This page last changed on Apr 01, 2008 by stepheneb.
  • JGR: (pronounced Jaguar) is a unified graphical user interface for R.
  • JRI: Java to R interface
  • rJava: is the R to Java interface:
  • J/QTL

    J/qtl is a Java GUI for the popular QTL data analysis software R/qtl.  It provides a flexible and powerful working environment for users to perform a variety of tasks.

    Software for mapping quantitative trait loci in experimental crosses. Pre-compiled binaries are available for Windows, Linux and Mac as well as unix source code.

  • R/qtl
  • R/mannova
    R/maanova is an extensible, interactive environment for Microarray analysis. It is implemented as an add-on package for the freely available and widely used statistical language/software R
  • R

    R provides a wide variety of statistical (linear and nonlinear modelling, classical statistical tests, time-series analysis, classification, clustering, ...) and graphical techniques, and is highly extensible.

    R is mostly written in R and at the lower levels is written in C. This is from the README in the source:

    The core of R is an interpreted computer language with a syntax
    superficially similar to C, but which is actually a "functional
    programming language" with capabilities similar to Scheme. The
    language allows branching and looping as well as modular programming
    using functions. Most of the user-visible functions in R are written
    in R, calling upon a smaller set of internal primitives. It is
    possible for the user to interface to procedures written in C or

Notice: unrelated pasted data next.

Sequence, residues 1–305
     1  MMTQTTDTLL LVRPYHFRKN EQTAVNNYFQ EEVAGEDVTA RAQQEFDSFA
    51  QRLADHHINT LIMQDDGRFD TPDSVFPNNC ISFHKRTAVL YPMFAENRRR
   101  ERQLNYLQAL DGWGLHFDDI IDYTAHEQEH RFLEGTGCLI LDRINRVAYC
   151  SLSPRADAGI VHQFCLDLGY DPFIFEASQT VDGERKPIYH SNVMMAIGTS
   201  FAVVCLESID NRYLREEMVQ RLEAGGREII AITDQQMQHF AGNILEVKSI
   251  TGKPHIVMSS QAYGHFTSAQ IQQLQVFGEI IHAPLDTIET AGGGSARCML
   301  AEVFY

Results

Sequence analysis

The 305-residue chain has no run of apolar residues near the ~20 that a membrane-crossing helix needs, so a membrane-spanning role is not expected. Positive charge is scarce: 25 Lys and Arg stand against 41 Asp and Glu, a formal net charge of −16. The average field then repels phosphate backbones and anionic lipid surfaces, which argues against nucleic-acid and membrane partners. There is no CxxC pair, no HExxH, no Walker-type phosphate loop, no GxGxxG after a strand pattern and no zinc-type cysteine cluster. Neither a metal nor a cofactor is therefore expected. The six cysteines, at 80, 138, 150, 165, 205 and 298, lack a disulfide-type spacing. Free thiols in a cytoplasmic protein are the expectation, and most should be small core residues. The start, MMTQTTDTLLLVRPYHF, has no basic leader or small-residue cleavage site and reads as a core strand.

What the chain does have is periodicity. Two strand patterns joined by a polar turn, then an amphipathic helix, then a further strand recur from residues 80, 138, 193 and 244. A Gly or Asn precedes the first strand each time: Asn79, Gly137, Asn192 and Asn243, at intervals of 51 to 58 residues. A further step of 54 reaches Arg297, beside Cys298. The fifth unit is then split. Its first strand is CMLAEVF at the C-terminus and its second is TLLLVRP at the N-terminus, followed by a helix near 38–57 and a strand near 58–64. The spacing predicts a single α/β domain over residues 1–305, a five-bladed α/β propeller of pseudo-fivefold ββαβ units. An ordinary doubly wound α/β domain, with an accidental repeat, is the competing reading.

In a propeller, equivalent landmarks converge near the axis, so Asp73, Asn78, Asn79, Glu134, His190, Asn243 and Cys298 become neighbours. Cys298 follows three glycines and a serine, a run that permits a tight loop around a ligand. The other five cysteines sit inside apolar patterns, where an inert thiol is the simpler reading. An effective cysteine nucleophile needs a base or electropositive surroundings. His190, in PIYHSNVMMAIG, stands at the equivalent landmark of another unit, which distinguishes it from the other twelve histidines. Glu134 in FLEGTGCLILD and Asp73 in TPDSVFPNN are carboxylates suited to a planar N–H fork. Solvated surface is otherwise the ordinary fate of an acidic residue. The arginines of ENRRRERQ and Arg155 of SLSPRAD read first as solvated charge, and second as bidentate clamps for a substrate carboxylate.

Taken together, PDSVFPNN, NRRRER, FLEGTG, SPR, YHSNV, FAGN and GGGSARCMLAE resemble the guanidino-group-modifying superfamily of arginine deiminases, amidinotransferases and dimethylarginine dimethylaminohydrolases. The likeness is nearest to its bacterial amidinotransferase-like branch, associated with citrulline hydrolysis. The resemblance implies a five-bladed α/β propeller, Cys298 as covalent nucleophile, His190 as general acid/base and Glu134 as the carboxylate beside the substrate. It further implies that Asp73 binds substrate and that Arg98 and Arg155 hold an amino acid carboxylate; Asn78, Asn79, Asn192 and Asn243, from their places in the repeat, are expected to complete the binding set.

Fortran languages for efficiency, and also to write additional

    The R distribution contains functionality for a large number of
    statistical procedures. Among these are: linear and generalized
    linear models, nonlinear regression models, time series analysis,
    classical parametric and nonparametric tests, clustering and
    smoothing. There is also a large set of functions which provide a
    flexible graphical environment for creating various kinds of data

I thought this was an interesting description of R from a Ruby programmer:

R's strength comes mostly from its rich and well tested libraries. If you have to solve a problem it can often be done in a few lines of R code and that can be a big gain. On the other hand R's interpreter is slow. A loop iterating 1 million records took 36 hours in plain R. Rewriting the routine to use built in functions brought that down to a minute. But to use built in functions cleverly took a working day - it would have been faster to program in Ruby. Also Ruby has much better support for writing maintainable code and unit tests. Finally the OOP implementation of R is thin - it hardly deserves the name.

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